Experts at the Dysautonomia Center focus on preventing respiratory infections and breathing problems in children and adults with familial dysautonomia. Our doctors provide comprehensive evaluations to monitor for respiratory infections and other lung and breathing problems, such as sleep apnea. Children who have familial dysautonomia receive care at the Dysautonomia Center through Hassenfeld Children’s Hospital at NYU Langone.
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When needed, our doctors can treat infections and provide therapy to preserve lung function and improve breathing in people with this condition.
During each office visit, our physicians assess lung function as part of monitoring and ongoing treatment. Our doctors ask a number of detailed questions to determine whether an adult or child with familial dysautonomia has any symptoms of a lung infection or related problems, such as aspirating food into the windpipe or lungs.
The most commonly used test to assess lung function is spirometry, which measures how much air a person can move in and out of the lungs. In this test, you or your child inhales deeply and then exhales into a plastic tube, allowing the spirometer to measure the volume and flow of breath. Doctors at NYU Langone are experienced in working with people to help them relax and encouraging them to inhale and exhale forcefully during the test.
Doctors also measure arterial blood gas to check the amount of oxygen and carbon dioxide in the blood. If oxygen levels are low and carbon dioxide levels are high, the doctor may refer you to a pulmonologist or sleep specialist for additional evaluation and treatment.
People who have familial dysautonomia have frequent and severe respiratory infections. These infections can occur after aspirating food and fluid into the lungs or due to difficulty coughing up mucus and saliva.
To prevent these problems, our doctors provide lifelong monitoring and treatment. Our dysautonomia experts work closely with our pulmonologists who specialize in preventing and treating respiratory infections in people with this condition.
Pulmonologists use a technique called chest therapy to reduce the risk of respiratory infections. This therapy, which can either be performed by rhythmically tapping the chest or using different positions to improve drainage, can help to clear mucus from the lungs.
Doctors may recommend wearing a special vest that oscillates, or vibrates, to help loosen mucus in the chest. They may also prescribe a cough assist device you can use at home to make a cough more productive and help clear mucus from the lungs. This machine increases air pressure in the lungs when you breathe in. It pulls air out of the lungs when you exhale. This change in air pressure in the lungs makes it easier to cough.
Our specialists in critical care medicine are experts in managing severe respiratory problems that can develop suddenly in people who have familial dysautonomia. Our doctors commonly prescribe antibiotics to treat serious respiratory infections.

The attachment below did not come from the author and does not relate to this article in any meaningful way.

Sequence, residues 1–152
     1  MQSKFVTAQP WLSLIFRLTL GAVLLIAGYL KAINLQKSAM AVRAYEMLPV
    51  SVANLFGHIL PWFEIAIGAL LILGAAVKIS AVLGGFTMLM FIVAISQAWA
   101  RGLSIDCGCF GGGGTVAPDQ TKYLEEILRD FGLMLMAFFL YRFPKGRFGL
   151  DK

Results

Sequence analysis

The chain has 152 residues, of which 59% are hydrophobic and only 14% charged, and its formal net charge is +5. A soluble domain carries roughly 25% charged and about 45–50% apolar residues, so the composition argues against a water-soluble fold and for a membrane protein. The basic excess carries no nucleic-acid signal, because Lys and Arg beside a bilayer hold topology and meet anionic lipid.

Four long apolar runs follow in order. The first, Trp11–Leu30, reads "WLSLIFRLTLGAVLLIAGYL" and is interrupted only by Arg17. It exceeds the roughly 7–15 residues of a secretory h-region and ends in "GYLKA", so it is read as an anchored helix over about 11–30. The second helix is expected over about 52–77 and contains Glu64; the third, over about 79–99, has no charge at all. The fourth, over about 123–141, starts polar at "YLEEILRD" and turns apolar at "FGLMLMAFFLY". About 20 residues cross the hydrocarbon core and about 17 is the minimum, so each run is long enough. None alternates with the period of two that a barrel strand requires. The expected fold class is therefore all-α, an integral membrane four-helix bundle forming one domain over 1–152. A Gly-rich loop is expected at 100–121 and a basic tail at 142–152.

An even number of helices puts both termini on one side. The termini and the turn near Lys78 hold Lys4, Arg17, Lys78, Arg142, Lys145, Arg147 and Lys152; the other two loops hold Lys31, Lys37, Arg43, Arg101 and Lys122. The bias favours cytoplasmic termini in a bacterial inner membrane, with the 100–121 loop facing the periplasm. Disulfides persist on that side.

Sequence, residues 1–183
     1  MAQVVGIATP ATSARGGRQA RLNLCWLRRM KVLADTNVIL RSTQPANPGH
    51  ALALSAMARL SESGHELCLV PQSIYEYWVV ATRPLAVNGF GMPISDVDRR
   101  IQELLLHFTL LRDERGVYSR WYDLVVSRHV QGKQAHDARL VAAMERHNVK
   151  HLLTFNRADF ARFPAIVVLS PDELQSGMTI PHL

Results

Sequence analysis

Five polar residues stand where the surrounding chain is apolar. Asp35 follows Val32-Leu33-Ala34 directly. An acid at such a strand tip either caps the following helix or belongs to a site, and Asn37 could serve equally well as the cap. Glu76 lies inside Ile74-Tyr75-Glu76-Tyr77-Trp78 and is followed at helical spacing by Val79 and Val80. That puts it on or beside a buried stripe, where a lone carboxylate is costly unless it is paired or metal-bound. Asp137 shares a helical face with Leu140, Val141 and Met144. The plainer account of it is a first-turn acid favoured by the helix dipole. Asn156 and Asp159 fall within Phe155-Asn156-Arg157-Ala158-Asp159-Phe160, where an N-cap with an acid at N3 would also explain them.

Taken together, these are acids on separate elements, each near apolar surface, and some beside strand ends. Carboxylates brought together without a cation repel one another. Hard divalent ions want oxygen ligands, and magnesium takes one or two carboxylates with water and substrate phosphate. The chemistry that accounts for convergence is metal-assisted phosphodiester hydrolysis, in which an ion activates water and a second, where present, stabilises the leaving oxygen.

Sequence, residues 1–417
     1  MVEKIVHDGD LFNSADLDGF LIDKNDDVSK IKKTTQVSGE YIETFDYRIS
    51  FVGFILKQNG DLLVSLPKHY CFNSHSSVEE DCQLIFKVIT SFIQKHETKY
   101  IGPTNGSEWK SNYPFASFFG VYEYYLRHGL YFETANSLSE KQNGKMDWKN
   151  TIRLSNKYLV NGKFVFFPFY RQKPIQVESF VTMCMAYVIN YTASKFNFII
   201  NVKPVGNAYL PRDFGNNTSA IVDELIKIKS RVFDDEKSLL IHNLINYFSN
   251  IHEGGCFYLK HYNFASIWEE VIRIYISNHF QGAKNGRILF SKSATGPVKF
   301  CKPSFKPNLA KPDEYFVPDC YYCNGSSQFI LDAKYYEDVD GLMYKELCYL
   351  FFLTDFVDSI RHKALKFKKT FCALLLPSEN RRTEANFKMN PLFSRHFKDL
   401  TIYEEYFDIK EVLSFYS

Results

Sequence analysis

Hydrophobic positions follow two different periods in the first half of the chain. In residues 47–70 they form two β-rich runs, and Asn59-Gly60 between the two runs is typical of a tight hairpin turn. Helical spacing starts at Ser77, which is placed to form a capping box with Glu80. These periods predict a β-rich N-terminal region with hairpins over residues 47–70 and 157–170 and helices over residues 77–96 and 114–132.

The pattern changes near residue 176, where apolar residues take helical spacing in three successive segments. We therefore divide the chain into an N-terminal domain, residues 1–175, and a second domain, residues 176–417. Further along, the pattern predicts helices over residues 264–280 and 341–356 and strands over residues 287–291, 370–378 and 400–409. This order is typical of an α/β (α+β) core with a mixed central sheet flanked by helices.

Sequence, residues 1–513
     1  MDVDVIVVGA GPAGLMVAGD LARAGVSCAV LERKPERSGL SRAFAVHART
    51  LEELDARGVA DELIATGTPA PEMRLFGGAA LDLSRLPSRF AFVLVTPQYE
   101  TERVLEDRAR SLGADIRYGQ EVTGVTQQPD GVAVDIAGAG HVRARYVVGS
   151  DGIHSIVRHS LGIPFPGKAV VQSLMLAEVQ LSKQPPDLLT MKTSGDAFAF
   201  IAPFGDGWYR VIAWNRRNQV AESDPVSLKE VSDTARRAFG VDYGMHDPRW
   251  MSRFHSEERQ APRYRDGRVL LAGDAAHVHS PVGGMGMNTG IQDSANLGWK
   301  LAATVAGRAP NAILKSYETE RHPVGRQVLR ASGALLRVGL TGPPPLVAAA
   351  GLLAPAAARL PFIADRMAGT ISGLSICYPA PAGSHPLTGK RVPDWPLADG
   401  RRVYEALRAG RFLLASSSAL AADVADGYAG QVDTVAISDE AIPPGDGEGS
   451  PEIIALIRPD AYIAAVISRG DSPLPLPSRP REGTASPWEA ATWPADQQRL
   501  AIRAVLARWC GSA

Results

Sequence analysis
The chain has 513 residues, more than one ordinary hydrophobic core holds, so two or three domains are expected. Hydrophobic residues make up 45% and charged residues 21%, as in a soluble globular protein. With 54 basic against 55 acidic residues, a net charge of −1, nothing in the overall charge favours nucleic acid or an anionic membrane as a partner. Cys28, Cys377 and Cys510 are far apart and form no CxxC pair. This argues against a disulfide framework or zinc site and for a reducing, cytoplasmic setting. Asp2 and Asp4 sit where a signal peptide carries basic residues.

Nearly all people with familial dysautonomia have difficulty regulating their breathing at night and have frequent interruptions in breathing called sleep apnea. One type of sleep apnea, called central apnea, causes shallow or infrequent breathing during sleep. Another type, called obstructive sleep apnea, also occurs in people who have familial dysautonomia. Low muscle tone in people with this condition allows tissue in the back of the throat to block the airways during sleep.
Our doctors recommend that all babies with familial dysautonomia have a sleep study to detect breathing problems. Children and adults with the condition may have a yearly sleep study to monitor for sleep apnea.
Some pediatricians may treat children who have familial dysautonomia with growth hormone therapy to improve growth rate. For these children, specialists at Hassenfeld Children’s Hospital recommend a sleep study six weeks after beginning treatment. That’s because growth hormone can increase the size of the adenoid tissue and obstruct airflow in the back of the throat when muscles relax during sleep.
Experienced specialists at NYU Langone’s Pediatric Sleep Disorders Program interpret results of the sleep study. Doctors determine the severity of your child’s sleep apnea based on the average number of breathing disturbances per hour of sleep. They also measure carbon dioxide levels, which can build up in the blood when breathing is too slow or too shallow.
Adults with familial dysautonomia and sleep apnea can receive specialized care through NYU Langone’s Sleep Disorders Center.
To combat sleep apnea, our doctors often recommend using noninvasive ventilation devices, such as a continuous positive airway pressure, or CPAP, machine. These devices help keep the airways open, maintain oxygen levels, and flush out carbon dioxide during sleep. They deliver pressurized air through a mask or nosepiece.
Using these devices can help prevent sudden death from nighttime respiratory problems and may improve breathing during the day. However, airflow from these devices can increase the risk of corneal injury in people with familial dysautonomia who have little moisture in their eyes.
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